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with which she is at war, as an act of hostility. 8th, That, by instructions from the President of the United States, the American citizens who ranged themselves under the banners of France, have been prosecuted and arrested; a crime against liberty unheard of, of which a virtuous and popular jury avenged with eclat the defenders of the best of causes. 9th, That incompetent tribunals were suffered to take cognizance of facts relative to prizes which treaties interdict them expressly from doing: that, on their acknowledgment of their incompetency, this property, acquired by the right of war, was taken from us, that it was thought ill of, that our consuls protested against these arbitrary acts, and that, as a reward for his devotion to his duty, the one at Boston was imprisoned as a malefactor. 10th, That the President of the United States took on himself to give to our treaties arbitrary interpretations, absolutely contrary to their true sense, and that, by a series of decisions which they would have us receive as laws, he left no other indemnification to France for the blood she spilt, for the treasure she dissipated in fighting for the independence of the United States, but the illusory advantage of bringing into their ports the prizes made on their enemies, without being able to sell them. 11th, That no answer is yet given to the notification of the decree of the National Convention for opening our ports in the two worlds to the American citizens, and granting the same favors to them as to the French citizens — advantages which will cease if there be a continuance to treat us with the same injustice. 12th, That he [Washington] has deferred, in spite of my respectful insinuations, to convoke Congress immediately, in order to take the true sentiments of the people, to fix the political system of the United States, and to decide whether they will break, suspend, or tighten their bands with France — an honest measure, which would have avoided to the General Government much contradiction and subterfuge, to me much pain and disgust, to the local governments, embarrassments so much the greater, as they found themselves placed between treaties, which are laws, and decisions of the Federal Government, which are not: in fine, to the tribunals, duties so much the more painful to fulfil, as they have been often under the necessity of giving judgments contrary to the intentions of the government. It results from all these facts, sir, that I could not but be profoundly affected with the conduct of the Federal Government towards my country.”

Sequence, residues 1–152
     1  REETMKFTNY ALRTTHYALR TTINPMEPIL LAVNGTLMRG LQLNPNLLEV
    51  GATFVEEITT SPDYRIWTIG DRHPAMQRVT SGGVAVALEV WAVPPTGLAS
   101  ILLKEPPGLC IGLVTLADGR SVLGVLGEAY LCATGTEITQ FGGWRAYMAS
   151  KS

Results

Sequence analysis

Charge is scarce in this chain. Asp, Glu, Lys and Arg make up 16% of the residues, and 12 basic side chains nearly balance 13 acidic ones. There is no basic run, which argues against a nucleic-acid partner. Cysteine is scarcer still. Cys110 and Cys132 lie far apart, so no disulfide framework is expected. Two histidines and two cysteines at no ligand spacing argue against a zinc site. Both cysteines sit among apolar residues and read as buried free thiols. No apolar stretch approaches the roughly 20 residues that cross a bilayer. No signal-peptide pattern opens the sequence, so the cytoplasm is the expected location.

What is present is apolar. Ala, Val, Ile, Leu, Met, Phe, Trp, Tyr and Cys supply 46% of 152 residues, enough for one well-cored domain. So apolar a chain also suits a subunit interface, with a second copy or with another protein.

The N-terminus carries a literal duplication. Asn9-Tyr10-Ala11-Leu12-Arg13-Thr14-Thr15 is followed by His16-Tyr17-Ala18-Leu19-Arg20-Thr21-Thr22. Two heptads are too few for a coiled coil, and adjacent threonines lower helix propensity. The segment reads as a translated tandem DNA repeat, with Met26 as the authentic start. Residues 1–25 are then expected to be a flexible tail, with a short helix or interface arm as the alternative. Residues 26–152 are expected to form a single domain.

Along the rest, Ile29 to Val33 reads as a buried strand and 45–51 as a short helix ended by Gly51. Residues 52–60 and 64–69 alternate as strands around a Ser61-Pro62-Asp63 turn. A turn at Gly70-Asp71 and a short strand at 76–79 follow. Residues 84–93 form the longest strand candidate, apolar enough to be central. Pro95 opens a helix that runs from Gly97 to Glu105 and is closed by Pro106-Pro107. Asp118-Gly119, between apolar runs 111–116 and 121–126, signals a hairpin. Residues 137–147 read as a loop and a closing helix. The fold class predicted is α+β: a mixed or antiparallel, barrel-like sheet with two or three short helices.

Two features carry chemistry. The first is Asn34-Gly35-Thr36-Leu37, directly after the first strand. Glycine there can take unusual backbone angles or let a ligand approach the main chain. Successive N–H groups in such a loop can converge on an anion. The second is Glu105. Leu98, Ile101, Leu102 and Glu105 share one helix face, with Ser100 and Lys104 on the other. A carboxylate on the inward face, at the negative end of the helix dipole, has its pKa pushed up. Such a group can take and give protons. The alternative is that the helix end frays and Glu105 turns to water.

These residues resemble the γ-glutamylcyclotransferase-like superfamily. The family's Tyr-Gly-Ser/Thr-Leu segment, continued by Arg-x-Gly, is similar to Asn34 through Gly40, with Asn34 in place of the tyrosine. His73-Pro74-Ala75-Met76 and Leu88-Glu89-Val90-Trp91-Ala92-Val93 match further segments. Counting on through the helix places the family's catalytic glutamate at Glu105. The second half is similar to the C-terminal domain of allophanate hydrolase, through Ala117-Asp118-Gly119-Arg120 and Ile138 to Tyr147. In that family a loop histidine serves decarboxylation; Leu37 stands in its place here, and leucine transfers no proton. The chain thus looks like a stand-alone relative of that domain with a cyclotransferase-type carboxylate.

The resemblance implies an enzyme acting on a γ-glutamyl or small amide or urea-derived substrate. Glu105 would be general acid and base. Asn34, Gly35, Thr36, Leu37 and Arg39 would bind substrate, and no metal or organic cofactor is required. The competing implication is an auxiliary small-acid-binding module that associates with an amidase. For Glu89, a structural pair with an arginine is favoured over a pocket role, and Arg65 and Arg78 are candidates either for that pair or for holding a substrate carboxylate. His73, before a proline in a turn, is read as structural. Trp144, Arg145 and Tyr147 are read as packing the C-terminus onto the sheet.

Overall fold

By letters of the 9th of November, 1793, President Washington requested Isaac Shelby, Governor of Kentucky, and Arthur St. Clair, Governor of the Territory of the United States northwest of the river Ohio, to “take all the measures in the course of the law," and, “ if necessary, to use effectual military force” for the prevention of any hostile enterprise against the possessions of Spain on the Mississippi. Governor St. Clair immediately published a proclamation in his territory informing the citizens of the contemplated invasion, and warning them of the dangerous consequences of participating in it. The Governor of Kentucky, on the 13th of January, 1794, wrote to Mr. Jefferson, Secretary of State of the United States, a letter which contained the following passage: “I have great doubts, even if they [the agents and officers of Genet] do attempt to carry their plan into execution, (provided they manage their business with prudence,) whether there is any legal authority to restrain or punish them, at least before they have actually accomplished it: for, if it is lawful for any one citizen of this state to leave it, it is equally so for any number of them to do it. It is also lawful for them to carry with them any quantity of provisions, arms, and ammunition ; and, if the act is lawful in itself, there is nothing but the particular intention with which it is done that can possibly make it unlawful; but I know of no law which inflicts a punishment on intention, only, or a criterion by which to decide what would be sufficient evidence of that intention, if it was a proper subject of legal censure. I shall, upon all occasions, be averse to the exercise of any power which I do not consider myself as being and brethren, in favor of a man whom I view as an enemy and a tyrant. I shall also feel but little inclination to take an active part in punishing or restraining any of my fellow citizens for a supposed intention, only to gratify or remove the fears of the minister to a prince, who openly withholds from us an invaluable right, and who secretly instigates against us a most savage and cruel enemy. But, whatever may be my private opinion as a man, as a friend to liberty, an American citizen, and an inhabitant of the western waters, I shall, at all times, hold it as my duty to perform whatever may be constitutionally required of me, as Governor of Kentucky, by the President of the United States." *